On stage, EMI Group dominated this week's Grammy Awards with five big wins by its newest star, Norah Jones. Behind the scenes, however, the debt-ravaged British music giant is scrambling to stay afloat.
For the last several months, EMI executives have quietly pursued a seemingly schizophrenic survival strategy, courting Germany's Bertelsmann Music Group with a pledge to merge while approaching AOL Time Warner Inc. with a plan to buy the conglomerate's huge music operation.
Sources close to the meetings said the talks in both cases have been informal. No offers have been made, and no formal evaluations of assets have been conducted.
AOL Time Warner and Bertelsmann declined to comment. An EMI spokeswoman said, "We do not comment on speculation." The Wall Street Journal first reported the AOL talks, and London's Financial Times reported the Bertelsmann approach.
The EMI discussions are but the latest gambit in a troubled music industry. Warner Music Group, Bertelsmann Music Group and Vivendi Universal Inc.'s Universal Music Group are all said to be on the auction block, though none has found a buyer.
"Everybody is looking at everybody, and as well they should," said one person close to the talks involving EMI. "The music industry is in a massive state of flux. Consolidation is the only answer out of this."
Plagued by surging piracy, plunging profit and rebellion among its artist ranks, the record industry is battling to sustain a way of doing business that, insiders say, is on the verge of imploding. Studies show that CD burning and Internet downloading have decimated sales, shrinking international revenue by about 20% over the last three years.
EMI ranks last among the five major music companies in the crucial U.S. market, where sales in January were down 7% from the year-earlier period.
Precisely how the struggling company would fund the purchase of a competitor as large as Warner -- which might cost as much as $4 billion -- has puzzled industry observers. Those questions deepened Monday, when Moody's Investors Service said that it might downgrade about $1 billion of some $1.6-billion total EMI debt.
Still, EMI's weakness could put it at the center of any industry consolidation -- a scenario predicted in a recent Sanford C. Bernstein & Co. report, which saw 2003 as the "tipping point" for an industry in crisis.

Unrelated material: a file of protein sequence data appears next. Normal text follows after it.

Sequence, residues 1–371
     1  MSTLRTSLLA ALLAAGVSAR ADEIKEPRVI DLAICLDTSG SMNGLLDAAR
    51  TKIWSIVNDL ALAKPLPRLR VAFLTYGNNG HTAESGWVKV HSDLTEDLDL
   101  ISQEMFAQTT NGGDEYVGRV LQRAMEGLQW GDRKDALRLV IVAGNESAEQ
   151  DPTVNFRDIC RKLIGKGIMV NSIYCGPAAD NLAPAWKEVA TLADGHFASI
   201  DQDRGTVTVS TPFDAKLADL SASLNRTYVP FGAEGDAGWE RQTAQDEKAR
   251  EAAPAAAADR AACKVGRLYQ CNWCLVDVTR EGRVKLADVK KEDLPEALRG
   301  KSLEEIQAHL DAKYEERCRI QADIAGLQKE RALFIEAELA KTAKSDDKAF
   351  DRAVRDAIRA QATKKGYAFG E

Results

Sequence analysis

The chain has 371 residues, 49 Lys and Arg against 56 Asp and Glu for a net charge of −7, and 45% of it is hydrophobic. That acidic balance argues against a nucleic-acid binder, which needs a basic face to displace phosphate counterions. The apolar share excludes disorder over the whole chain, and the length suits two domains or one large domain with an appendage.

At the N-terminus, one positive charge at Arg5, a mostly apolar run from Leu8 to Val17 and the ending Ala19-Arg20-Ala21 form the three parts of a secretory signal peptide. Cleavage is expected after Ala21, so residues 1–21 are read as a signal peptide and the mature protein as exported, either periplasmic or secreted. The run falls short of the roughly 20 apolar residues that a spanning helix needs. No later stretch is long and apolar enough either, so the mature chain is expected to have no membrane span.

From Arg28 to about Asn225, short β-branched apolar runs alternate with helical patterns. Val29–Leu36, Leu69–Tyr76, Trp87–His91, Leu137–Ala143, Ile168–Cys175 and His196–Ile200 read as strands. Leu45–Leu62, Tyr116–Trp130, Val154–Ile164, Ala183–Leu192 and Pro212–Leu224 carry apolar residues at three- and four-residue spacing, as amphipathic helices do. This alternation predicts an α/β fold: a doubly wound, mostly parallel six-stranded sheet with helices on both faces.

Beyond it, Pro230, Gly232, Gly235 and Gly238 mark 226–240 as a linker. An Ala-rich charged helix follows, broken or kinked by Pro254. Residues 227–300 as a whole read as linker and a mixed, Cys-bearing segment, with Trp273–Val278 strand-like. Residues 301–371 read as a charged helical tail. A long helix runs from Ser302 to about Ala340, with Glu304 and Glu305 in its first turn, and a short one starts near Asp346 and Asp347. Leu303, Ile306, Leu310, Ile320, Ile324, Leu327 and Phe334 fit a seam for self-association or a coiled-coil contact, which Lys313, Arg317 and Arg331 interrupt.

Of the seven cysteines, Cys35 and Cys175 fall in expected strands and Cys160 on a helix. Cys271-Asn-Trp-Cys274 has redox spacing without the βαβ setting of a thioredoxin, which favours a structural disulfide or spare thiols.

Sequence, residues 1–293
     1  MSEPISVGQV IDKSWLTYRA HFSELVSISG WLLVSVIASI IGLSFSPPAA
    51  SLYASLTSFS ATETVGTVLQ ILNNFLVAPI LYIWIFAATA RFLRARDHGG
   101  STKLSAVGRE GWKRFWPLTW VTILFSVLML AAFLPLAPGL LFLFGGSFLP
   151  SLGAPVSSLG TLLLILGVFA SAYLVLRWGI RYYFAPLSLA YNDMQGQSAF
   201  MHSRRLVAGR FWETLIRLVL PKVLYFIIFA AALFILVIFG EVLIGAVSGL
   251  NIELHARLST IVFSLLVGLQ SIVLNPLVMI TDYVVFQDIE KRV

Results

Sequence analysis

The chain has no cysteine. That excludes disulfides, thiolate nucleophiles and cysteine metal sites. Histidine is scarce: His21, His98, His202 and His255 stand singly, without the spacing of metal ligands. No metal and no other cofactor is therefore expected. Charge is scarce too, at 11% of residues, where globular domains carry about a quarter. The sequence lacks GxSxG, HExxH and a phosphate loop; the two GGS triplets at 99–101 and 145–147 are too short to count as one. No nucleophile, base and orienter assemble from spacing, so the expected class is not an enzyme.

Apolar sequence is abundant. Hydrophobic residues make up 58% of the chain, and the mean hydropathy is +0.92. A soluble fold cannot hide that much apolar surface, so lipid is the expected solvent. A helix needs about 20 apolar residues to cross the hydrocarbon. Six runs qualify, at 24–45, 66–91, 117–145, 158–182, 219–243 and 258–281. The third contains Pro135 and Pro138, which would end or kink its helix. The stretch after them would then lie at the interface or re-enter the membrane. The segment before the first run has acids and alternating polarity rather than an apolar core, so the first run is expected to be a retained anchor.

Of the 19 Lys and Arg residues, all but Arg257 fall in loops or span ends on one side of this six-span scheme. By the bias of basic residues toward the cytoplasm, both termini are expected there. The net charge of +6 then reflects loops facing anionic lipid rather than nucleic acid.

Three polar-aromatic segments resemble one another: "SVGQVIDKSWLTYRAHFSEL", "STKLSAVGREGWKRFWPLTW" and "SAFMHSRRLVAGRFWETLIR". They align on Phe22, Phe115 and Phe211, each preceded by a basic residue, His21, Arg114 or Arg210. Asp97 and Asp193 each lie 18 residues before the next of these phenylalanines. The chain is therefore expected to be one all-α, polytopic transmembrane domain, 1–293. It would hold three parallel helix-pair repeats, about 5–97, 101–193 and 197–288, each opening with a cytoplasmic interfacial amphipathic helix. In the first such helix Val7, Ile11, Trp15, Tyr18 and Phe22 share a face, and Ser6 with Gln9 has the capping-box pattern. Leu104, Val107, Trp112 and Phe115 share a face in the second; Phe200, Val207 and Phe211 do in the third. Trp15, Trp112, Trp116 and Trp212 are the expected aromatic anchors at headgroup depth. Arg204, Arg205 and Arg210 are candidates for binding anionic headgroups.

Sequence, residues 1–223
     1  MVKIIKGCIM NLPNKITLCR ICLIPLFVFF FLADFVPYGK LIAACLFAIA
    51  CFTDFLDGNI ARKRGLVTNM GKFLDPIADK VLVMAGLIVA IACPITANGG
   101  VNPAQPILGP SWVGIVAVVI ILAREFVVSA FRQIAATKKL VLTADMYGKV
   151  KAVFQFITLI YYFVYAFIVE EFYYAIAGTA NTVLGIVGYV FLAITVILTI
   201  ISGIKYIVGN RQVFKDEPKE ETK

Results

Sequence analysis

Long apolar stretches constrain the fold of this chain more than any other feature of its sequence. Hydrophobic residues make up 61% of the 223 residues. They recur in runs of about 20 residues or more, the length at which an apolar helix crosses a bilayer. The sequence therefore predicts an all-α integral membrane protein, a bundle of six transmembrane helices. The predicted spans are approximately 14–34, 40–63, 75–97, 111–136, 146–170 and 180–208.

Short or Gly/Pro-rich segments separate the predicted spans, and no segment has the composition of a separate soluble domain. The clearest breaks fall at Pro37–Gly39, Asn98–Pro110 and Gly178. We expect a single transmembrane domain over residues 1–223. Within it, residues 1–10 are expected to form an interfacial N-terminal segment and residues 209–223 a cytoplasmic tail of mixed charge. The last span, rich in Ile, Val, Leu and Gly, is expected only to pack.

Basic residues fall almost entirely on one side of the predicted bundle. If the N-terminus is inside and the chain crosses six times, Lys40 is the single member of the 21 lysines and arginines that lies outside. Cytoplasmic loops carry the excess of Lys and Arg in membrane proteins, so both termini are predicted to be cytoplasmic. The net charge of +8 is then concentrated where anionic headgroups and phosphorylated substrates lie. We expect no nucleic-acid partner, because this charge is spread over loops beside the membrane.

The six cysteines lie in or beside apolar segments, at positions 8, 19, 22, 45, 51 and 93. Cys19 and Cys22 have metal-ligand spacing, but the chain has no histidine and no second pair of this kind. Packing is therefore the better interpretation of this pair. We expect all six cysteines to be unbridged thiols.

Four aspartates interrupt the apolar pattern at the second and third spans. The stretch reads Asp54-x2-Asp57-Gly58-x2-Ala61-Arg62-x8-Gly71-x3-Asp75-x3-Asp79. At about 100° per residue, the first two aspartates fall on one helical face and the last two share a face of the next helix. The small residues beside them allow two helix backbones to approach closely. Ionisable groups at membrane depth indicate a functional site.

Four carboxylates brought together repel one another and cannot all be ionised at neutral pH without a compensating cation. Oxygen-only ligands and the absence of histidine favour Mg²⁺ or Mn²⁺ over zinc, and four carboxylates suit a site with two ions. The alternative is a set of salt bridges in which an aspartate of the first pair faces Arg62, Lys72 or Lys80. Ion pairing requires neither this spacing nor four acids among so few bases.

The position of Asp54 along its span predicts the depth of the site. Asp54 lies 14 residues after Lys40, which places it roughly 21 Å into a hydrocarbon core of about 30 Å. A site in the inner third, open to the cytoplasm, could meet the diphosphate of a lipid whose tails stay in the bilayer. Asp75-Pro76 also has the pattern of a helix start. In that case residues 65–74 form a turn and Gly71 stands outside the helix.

Presumably, two weak companies once combined could slash costs and improve profitability in the short run. Few industry veterans, however, believe such a solution would provide a lasting fix. The Sanford Bernstein analysis noted that a combined EMI-Warner operation would have about $6 billion in sales. But even with anticipated cost savings, the company's overall financial health wouldn't improve for four years, the study predicted.
During a recent meeting with AOL executives, EMI representatives pitched the idea of buying all or some of the Warner music operation. Sources at AOL Time Warner, contacted Monday, discounted the seriousness of the proposal. In view of their own company's debt load, however, they said they couldn't dismiss the EMI overture without seeming irresponsible to shareholders.
Officials at both companies still have significant differences over expected company valuations, sources said. Nor is AOL Time Warner, which tried several years ago to merge with EMI, convinced that it is worth battling again with regulatory agencies that blocked the previous combination.
Management discord also might become an issue in any such combination: It is unlikely that Warner Music Group Chairman Roger Ames would take kindly reporting to EMI record head Alain Levy, who was once his competitor for Warner's top job. Ames worked for Levy when the latter ran PolyGram.
In November, EMI executives quietly contacted Bertelsmann, suggesting a round of informal talks, where they proposed a variety of plans. EMI ultimately pitched a merger, sources said, and conceded it might be willing to take a minority position in terms of control over the combined company.
Bertelsmann rejected the plans, but its chief financial officer, Siegfried Luther, last weekend told a German TV reporter that it is still reviewing a range of options, including possible mergers with EMI or other competitors.
"There is a lot of wild and off-beam speculation being reported in the press about what EMI is up to," said one person close to the talks. "Nothing will happen any time soon. But something is certain to go down within the next year."